Remember the kids from your school days that were always organizing ways to sell you more candy during recess? Or perhaps the wizard at the arcade, or internet cafe, who topped the leaderboard of every game they played? You’d look at those scores and admit defeat even before feeding the machine with money.
Turns out that kid who always had the pitch grew up to be Vancouver’s Jason Bailey. He’s known for building Eastside Games into a thriving indie game publisher, plus co-founding local startup accelerator GrowLab, but this isn’t enough chaos for Bailey. For close to a year the spectre of kids ruling the leaderboards with unreachable scores has been haunting him.
Bailey thinks leaderboards suck, boldly declaring its inclusion by publishers are often an afterthought and don’t reveal anything special. Leaderboards – which is a simple way to easily measure and rank a players score – are currently only good to puff up a few egos. The challenge Bailey is currently solving is to turn those egos into deeper player engagement, plus attract new players by offering customized leaderboards.
While L33dr.ly looks virtually unpronounceable (“Leaderly”), it’s definitely memorable, and will be creating meaningful value to all of it’s indie game publishing clients. L33dr.ly is Bailey’s personal Holy Trinity, combining his love of gaming, analytics, and monetization.
Bailey’s ability to pitch and raise money makes for good headlines and entertainment. You can watch him in this video during the recent Startup Festival in Montreal. He’s also confirmed to BetaKit that he’s well on his way to raising his goal of $500,000, which includes support from LX Ventures, 500 Startups founder Dave McClure, and Dario Meli (former Hootsuite co-founder). To move this new project into existence, Bailey has brought on board Jeff Day as CTO, plus Parker Busswood as Lead Designer.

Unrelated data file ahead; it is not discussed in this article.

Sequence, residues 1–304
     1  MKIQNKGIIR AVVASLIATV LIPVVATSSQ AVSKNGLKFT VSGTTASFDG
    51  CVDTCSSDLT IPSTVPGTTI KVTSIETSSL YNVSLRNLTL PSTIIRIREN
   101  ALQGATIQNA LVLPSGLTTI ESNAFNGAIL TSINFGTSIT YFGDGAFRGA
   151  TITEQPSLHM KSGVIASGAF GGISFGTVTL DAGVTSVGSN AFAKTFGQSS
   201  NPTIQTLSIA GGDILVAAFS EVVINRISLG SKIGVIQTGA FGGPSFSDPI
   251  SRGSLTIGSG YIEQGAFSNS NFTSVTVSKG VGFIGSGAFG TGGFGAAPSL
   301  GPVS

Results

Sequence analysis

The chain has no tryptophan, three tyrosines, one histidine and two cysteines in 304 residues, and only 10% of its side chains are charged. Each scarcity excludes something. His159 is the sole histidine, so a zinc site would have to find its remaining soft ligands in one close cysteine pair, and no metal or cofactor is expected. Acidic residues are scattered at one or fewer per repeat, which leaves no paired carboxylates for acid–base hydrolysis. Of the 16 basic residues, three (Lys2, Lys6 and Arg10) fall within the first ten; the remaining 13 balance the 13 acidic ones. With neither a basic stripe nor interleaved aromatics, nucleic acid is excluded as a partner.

Apparently there’s currently over 600-700 games launched everyday on the iOS platform, plus 3,000 to 5,000 games launched everyday across all platforms (Android, Windows Phone, BlackBerry). The plan for L33dr.ly is to become the “easy button” for game developers. Leaderboards will no longer be an afterthought, they’ll be about delivering deep analytics from the players perspective. Rankings will no longer be linear, they’ll be dynamic and provide ‘socially and geographically relevant.’ Players can gauge their ranking based on items, achievements, levels, location, and a whole myriad of personalized key performance indicators (KPI). Imagine giving the power to the player to define the appropriate leaderboard.
For the L33dr.ly team it’s a simple formula: better players, equals retention, which equals better monetization. L33dr.ly has formed a partnership with San Francisco-based Chartboost, a company that helps developers increase their revenues through in-app purchases, and will see various ads arrive on the leaderboard, which will be distributed on a rev-share model to game developers. The L33dr.ly SDK API is free and takes about 15-minutes to install. Instead of publishers writing cheques every month for a service, L33dr.ly will be paying the publishers. The bigger the in-game revenue, the bigger the cheques.
As for results, Bailey tested and installed the L33dr.ly platform on some of the games Eastside produces (Ruby Skies, Dragon Up, Mighty Bot) and found the retention rate on day one increased by 17%. More importantly, the retention number continued to escalate after the first week to 23%.
Bailey’s goal is simply to take the suck out of the leaderboard, deliver better information to the players, deliver better game engagement and revenue to the publishers, and to deliver win for his new team.